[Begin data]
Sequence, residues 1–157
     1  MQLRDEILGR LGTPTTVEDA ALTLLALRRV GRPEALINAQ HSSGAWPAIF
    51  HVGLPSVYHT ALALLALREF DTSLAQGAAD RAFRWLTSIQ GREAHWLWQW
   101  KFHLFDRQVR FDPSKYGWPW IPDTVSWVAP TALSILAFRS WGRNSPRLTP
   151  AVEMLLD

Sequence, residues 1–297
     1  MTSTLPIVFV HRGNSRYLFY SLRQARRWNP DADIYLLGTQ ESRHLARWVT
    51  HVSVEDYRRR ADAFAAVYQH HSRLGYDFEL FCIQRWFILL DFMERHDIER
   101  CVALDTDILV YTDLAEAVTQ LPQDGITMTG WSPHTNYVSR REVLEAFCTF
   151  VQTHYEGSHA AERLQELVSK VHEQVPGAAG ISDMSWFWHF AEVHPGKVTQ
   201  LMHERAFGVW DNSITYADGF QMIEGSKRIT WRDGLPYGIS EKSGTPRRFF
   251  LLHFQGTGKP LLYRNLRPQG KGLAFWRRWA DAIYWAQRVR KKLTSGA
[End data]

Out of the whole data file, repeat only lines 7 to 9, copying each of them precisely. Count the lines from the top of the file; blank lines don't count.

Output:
     1  MTSTLPIVFV HRGNSRYLFY SLRQARRWNP DADIYLLGTQ ESRHLARWVT
    51  HVSVEDYRRR ADAFAAVYQH HSRLGYDFEL FCIQRWFILL DFMERHDIER
   101  CVALDTDILV YTDLAEAVTQ LPQDGITMTG WSPHTNYVSR REVLEAFCTF